Comic companies in the past few years have gotten wise to the collecting aspect of comics in a way which they never had before. The idea must have come from comic conventions, where publishers made alternate overs available for purchase (or sometimes to give away). The alternate covers caught on, and it became clear that there was money to be made by those that were willing to invest a little bit in variant covers, as truly some diehard fans would buy them all, as well as it served as a crossover for some others that would otherwise be uninterested in buying a comic at all. A lot of times these covers had a fairly basic premise, for instance showing characters common to the series in the city where a convention was based. Equally some covers were left blank for artists to fill in at the conventions.
In the past few years there has been an influx of these new titles, often times with a singular inspiration for an entire month for an entire publisher. This specifically happens at the big two publishers, as for instance in a somewhat shameless move by Marvel and its head company Disney, they decided to add in a string of variant covers for Tron Legacy right when the movie was being released (Tron Legacy being a Disney movie.) Other themes have followed since them between the two two companies, as well as occasionally with others, although the theme to note in this case specifically is the one which DC has ongoing at the moment, over its #40 issue of the new 52, and that is to pay homage to well known movie posters.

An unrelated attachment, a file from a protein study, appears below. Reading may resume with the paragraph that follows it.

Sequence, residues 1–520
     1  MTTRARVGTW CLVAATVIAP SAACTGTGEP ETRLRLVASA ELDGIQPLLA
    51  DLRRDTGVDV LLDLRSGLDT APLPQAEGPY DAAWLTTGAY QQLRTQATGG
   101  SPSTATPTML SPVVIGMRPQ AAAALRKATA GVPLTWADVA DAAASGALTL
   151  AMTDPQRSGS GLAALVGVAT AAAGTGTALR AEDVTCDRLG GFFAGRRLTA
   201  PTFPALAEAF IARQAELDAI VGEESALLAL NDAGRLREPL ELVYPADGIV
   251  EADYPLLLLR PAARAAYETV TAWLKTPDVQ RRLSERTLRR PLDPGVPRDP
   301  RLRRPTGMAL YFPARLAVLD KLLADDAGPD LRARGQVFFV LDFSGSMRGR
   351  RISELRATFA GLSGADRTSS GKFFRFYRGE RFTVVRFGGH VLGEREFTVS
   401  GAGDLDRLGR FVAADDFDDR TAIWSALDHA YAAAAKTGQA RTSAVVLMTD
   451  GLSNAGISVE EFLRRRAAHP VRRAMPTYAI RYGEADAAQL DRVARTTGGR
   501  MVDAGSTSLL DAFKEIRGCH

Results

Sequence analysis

Some have been a bit forced, such as the Aquaman cover with Arthur as Free Willy. Others have been a bit more inspired and required a bit more imagination, as for instance the 2001: A Space Odyssey poster for Green Lantern, which mixes up too famous sci-fi Hals in a space setting. While the theme is a bit of a stretch at times, what doesn’t fit in exactly is the main cover to this week’s Jungle Book: Fall of the Wild. As opposed to being a variant cover, it was the main cover and was evidently inspired by the movie poster for Life of Pi. The cover even kind of fits, as Mowgli has been kidnapped off of her island and has animal companions in tow. Due to its theme though, it fits almost too well in with DC Comics’ similarly themed month, which could cause some confusion as to what certain people might be purchasing. Perhaps that confusion was part of the appeal on Zenescope’s part, for fans hoping to collect all the covers and then see another that fits. More likely though, the decision to use this cover was probably made long ago, and it was just coincidental timing that saw the Life of Pi cover go to press for instance during the same week as the Wonder Woman 300 poster cover.